The Tunisian anti-corruption landscape has developed significantly since 2011. Tunis has created anti-corruption institutions, issued stronger legislation on public access to information and protection of whistle-blowers, and proposed legislation on declaring assets and probing illicit enrichment. This marks positive progress that should be both applauded and capitalised upon.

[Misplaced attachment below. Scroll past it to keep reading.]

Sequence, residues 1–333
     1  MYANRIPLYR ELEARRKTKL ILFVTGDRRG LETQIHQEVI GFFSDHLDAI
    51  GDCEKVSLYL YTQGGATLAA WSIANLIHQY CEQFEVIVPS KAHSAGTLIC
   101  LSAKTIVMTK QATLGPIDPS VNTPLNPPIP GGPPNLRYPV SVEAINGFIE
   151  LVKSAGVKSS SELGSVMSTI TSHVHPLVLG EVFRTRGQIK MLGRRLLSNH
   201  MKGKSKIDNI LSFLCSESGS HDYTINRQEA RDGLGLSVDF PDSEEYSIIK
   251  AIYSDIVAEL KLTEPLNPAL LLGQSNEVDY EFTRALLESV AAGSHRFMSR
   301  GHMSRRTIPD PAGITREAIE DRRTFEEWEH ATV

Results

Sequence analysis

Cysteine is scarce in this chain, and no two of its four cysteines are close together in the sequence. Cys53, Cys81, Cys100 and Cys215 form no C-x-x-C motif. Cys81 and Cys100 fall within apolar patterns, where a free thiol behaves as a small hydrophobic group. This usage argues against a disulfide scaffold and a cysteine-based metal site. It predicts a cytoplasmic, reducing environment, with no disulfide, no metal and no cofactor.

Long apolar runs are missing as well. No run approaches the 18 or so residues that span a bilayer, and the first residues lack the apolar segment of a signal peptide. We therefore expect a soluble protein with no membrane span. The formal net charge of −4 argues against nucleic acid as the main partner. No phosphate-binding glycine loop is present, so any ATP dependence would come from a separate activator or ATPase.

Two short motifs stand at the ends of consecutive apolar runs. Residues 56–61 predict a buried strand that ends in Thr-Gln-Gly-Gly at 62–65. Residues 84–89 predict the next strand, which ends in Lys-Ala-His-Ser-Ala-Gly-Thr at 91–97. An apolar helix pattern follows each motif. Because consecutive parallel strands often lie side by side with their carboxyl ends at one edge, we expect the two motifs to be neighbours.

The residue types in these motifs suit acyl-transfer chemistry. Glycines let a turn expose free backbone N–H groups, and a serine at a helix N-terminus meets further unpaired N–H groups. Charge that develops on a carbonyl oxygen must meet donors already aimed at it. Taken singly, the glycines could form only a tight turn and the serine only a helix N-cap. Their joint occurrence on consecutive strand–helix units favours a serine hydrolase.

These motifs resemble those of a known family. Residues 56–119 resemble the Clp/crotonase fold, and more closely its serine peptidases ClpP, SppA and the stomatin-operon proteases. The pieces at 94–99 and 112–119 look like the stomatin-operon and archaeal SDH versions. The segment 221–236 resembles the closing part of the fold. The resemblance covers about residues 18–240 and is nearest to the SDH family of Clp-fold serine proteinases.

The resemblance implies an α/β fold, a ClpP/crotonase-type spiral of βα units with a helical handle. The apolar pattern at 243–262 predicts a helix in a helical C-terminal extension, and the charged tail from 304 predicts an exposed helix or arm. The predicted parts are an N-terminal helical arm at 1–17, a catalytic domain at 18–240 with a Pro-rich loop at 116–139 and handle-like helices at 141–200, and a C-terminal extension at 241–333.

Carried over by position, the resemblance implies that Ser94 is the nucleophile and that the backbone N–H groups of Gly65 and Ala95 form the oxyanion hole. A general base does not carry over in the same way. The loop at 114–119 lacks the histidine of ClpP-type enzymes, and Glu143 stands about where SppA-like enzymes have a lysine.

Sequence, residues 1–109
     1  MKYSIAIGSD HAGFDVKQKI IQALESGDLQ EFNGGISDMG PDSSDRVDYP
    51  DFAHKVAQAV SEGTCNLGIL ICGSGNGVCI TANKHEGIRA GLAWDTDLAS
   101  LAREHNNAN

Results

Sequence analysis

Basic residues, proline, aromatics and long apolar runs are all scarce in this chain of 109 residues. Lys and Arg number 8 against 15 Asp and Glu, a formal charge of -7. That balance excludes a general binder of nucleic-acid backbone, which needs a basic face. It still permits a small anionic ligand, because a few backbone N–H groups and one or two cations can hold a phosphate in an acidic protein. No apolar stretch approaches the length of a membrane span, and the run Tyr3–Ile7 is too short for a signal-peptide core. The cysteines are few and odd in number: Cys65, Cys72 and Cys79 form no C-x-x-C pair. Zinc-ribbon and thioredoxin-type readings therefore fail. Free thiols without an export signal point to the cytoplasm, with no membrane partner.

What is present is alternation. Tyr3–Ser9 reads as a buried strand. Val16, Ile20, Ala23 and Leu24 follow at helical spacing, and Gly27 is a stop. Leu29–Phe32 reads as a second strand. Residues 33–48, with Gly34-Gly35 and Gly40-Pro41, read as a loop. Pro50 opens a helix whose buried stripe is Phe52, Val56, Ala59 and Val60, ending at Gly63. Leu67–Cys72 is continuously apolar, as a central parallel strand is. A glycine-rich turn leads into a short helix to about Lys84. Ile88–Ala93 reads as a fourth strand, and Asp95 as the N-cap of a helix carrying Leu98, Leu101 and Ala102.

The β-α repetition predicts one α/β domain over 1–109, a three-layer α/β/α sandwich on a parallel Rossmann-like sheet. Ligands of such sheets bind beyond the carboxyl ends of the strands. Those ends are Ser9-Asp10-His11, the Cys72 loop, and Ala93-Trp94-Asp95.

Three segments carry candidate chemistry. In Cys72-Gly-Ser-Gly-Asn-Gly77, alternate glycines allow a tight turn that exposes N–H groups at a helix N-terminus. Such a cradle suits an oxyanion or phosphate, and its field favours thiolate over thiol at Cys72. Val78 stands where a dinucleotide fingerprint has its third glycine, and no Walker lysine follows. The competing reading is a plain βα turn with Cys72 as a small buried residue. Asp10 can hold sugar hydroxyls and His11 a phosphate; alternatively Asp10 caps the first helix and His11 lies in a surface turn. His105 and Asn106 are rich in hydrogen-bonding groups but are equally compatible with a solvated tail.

Yet the defence sector – which generally enjoys strong public trust – has not received the same scrutiny. Research indicates that it is often exempted, on the basis of national security, from significant reform. Tunisian defence spending has been rising, with an increase in expenditure of almost 64% from 2011 to 2016. But transparency and integrity structures have not kept pace. This presents an urgent challenge. Secrecy and weak oversight are the breeding ground of corruption. And corruption undermines defence institutions, reducing their capability to respond to threats, and leads to wasteful spending. With a national emergency declared and rising defence spending, strengthening defence integrity and tackling weaknesses leading to corruption should be a priority for the Tunisian government.